On Sun, Mar 11, 2018 at 12:10:09PM +0100, Ricardo Wurmus wrote:
> Obviously, I strongly disagree :)
You should ;)
> On my CentOS and Fedora machines at work both versions are installed
> (with the system package manager) and nobody complains. I can conjure
> up a Python 2 environment by calling “python2” and a Python 3
> environment by calling “python3” or “python”. Neither variant will load
> up modules for the other variant — unlike the behaviour on Guix.
> Even in Guix we allow these packages to be added to the same environment
> with “guix environment --ad-hoc” – and there are no collisions, because
> upstream made the effort to ensure that these packages don’t provide
> files of the same names.
> It is an unnecessary restriction to *prevent* users from installing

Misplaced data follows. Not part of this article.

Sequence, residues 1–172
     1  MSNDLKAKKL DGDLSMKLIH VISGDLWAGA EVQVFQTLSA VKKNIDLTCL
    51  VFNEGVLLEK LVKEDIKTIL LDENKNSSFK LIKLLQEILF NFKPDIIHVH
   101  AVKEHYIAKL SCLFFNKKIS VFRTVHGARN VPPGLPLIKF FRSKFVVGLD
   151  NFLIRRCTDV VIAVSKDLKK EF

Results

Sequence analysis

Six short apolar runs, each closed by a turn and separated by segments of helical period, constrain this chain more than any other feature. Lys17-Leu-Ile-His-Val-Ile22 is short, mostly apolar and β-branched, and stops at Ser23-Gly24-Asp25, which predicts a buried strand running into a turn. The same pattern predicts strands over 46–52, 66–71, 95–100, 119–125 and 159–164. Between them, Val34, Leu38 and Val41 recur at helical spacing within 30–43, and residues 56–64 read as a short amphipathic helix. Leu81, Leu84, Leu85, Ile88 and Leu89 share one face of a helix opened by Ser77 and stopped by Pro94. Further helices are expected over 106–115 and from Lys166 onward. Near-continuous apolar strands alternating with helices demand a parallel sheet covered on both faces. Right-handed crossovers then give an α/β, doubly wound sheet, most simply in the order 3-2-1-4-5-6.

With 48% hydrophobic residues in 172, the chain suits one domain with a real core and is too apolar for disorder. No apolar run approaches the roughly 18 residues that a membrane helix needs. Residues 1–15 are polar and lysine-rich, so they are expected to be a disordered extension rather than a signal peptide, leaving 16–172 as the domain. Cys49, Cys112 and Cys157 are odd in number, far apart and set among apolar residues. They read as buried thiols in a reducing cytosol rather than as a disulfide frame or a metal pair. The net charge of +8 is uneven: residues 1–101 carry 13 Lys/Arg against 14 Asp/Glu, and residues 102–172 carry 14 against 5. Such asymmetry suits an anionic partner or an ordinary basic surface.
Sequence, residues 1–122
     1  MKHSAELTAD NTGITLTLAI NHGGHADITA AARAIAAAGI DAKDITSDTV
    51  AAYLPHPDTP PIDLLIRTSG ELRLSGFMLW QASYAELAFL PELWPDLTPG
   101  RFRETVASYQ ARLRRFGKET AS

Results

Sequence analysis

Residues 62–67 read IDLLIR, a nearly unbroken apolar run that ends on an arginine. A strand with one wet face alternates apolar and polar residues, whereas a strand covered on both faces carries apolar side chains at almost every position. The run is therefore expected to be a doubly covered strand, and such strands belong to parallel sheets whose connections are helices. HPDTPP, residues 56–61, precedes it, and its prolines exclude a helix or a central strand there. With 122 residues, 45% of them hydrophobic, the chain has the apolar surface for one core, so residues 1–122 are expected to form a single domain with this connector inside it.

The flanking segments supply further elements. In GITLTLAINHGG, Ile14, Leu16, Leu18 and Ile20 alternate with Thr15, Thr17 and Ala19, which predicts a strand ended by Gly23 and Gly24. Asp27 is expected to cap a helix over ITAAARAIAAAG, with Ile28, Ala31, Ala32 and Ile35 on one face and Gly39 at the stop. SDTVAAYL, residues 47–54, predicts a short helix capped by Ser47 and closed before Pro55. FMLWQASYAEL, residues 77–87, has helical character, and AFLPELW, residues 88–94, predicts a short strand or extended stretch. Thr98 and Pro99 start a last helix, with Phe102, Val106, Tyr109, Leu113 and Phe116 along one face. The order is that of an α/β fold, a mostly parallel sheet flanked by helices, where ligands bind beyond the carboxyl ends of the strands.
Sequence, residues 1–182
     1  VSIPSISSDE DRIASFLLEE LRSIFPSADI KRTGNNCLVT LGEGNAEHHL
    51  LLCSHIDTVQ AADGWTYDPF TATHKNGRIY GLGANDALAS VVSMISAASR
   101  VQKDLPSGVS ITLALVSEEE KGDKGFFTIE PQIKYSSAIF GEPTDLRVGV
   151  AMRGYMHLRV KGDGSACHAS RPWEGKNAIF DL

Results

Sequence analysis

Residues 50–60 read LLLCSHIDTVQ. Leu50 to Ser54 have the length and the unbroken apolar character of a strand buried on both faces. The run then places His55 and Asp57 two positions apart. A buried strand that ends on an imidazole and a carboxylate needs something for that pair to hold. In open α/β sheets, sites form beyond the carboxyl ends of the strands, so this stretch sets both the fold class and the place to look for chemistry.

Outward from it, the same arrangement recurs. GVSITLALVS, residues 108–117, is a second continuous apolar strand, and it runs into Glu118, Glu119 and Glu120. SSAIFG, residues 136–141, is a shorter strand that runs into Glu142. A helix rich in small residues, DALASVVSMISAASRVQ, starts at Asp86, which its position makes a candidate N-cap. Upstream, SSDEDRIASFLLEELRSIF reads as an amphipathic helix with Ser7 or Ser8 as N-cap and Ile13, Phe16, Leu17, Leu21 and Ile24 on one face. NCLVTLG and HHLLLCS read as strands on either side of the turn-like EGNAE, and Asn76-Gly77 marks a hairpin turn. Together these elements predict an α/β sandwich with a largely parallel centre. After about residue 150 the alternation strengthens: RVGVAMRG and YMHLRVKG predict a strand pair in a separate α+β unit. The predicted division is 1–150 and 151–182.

> Python 2 and 3 interpreters into the same profile. Any errors we see
> with mixing 2 and 3 is due to a bug in Guix which is due to our use of
Alright, if you choose to use them as two different tools/languages.
But even in minor versions there are problems. Ruby has those too, I
know for a fact, though Python may be worse since it uses compiled
> In large environments Python 2 and 3 modules and interpreters can
> peacefully coexist as long as the tools use the appropriate names for
> the interpreters (“python2” or “python” for Python 2, “python3” for
> the interpreter for Python 3).
> In other places in Guix we don’t even prevent users from doing things
> that are generally ill-advised (e.g. the use of LD_LIBRARY_PATH); why
> would we prevent a perfectly valid use-case when it comes to different
> versions of Python?
Sure. Note that Python2 is quickly becoming obsolete. It is escalating
because packages are now dropping support. After 10 years of joy